WASHINGTON - Cheaper energy kept U.S. consumer prices in check last month, despite a big rise in the cost of food, the latest sign that inflation is tame.
The consumer price index rose 0.1 percent in February, matching January's increase, the Labor Department said Tuesday. In the past 12 months, prices have risen just 1.1 percent, down from 1.6 percent in January and the smallest yearly gain in five months.
Excluding the volatile food and energy categories, core prices rose 0.1 percent last month and 1.6 percent in the past year.
Energy prices fell 0.5 percent because lower gasoline and electricity costs offset higher prices for natural gas and heating oil. Clothes and used cars were also cheaper last month.
Still, consumers took a hit at the grocery store as food costs rose 0.4 percent, the most in nearly 2 1/2 years. Beef prices jumped 4 percent in February, the most in more than 10 years, as recent droughts have pushed up cattle feed prices. Milk, cheese and other dairy prices also rose.
The big drop in the annual inflation rate to 1.1 percent comes as the Federal Reserve starts a two-day policy meeting, its first under new chair Janet Yellen. Low inflation has enabled the Federal Reserve to pursue extraordinary stimulus programs in an effort to boost economic growth.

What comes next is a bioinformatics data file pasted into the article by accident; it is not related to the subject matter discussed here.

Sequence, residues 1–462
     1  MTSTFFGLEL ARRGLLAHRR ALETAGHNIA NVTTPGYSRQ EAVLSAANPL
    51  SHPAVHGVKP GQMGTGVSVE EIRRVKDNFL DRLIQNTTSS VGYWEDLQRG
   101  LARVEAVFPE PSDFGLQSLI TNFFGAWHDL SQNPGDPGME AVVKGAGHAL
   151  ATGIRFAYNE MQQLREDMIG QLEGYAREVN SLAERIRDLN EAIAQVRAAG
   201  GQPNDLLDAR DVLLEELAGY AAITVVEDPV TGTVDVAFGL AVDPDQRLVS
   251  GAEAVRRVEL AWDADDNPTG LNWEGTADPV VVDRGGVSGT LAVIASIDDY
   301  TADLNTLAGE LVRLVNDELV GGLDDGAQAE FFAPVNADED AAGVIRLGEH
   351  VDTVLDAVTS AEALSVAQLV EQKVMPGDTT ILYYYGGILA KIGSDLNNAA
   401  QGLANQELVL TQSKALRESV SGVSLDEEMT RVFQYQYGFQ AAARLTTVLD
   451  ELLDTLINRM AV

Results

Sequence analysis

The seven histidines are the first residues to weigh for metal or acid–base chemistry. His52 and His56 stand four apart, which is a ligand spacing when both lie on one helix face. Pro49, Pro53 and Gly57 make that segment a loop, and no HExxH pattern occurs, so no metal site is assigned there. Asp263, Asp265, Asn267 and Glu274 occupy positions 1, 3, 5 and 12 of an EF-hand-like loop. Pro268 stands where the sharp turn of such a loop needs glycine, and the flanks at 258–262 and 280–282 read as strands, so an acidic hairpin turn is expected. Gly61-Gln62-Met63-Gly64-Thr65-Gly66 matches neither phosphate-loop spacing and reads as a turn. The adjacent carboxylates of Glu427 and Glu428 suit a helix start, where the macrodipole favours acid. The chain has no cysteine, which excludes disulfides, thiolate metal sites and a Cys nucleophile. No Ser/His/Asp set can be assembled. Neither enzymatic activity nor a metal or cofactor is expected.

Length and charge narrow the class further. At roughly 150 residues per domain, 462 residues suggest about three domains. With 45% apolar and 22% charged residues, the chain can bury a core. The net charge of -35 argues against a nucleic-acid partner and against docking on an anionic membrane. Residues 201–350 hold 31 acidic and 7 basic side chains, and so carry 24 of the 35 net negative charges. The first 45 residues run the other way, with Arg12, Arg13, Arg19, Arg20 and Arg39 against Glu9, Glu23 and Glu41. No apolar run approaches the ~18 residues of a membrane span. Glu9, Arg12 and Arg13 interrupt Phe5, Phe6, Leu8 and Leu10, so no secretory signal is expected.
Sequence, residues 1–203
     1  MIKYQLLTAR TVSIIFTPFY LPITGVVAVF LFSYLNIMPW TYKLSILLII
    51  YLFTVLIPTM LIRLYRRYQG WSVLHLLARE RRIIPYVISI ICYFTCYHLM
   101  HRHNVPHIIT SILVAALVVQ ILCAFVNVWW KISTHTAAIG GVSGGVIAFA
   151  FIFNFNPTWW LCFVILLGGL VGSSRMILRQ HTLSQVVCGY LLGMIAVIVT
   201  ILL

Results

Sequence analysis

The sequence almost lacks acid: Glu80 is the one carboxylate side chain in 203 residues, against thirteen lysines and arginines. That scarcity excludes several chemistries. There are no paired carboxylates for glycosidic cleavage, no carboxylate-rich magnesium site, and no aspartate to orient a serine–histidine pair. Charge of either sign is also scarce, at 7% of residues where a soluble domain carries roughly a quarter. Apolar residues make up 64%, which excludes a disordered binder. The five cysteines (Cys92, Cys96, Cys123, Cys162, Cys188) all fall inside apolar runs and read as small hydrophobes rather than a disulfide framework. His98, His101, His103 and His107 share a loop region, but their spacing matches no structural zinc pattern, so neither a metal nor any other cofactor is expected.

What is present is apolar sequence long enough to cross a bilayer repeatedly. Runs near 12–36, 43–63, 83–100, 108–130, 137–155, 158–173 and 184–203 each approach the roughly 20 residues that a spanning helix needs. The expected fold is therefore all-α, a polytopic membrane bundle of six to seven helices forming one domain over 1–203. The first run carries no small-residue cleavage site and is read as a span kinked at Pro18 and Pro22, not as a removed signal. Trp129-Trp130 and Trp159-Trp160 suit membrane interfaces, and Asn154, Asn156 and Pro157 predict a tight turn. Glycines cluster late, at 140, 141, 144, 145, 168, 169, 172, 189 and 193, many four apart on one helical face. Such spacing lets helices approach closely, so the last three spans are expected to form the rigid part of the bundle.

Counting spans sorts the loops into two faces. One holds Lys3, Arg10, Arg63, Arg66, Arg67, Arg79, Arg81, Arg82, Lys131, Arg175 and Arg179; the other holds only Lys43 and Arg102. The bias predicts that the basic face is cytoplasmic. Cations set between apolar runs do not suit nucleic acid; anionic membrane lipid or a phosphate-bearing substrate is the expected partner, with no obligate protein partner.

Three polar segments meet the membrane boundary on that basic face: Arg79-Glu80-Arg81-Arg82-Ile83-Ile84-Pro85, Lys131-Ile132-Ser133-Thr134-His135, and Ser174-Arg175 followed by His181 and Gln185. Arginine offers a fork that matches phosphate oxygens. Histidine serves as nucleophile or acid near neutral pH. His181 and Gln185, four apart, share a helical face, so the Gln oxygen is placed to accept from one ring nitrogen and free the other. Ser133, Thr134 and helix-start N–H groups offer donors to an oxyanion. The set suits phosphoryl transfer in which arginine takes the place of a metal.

The Fed is now trying to unwind some of that stimulus. It is purchasing $65 billion in bonds this month, down from $75 billion in January and $85 billion last year. The bond purchases are aimed at lowering long-term interest rates to encourage more borrowing and spending.
Fed policymakers are expected to announce another $10 billion cut Wednesday.
The slowdown in the annual inflation rate occurred partly because energy prices spiked in February 2013, and that figure has now fallen out of the year-over-year calculation. As a result, economists don't think the rate will fall much further.
Inflation has been held back by sluggish growth and a tough job market, which makes it harder for retailers and other businesses to raise prices.
While shoppers may prefer lower prices, economists warn that super-low inflation can slow economic growth. It encourages consumers to postpone purchases and can also make inflation-adjusted interest rates higher, potentially discouraging borrowing.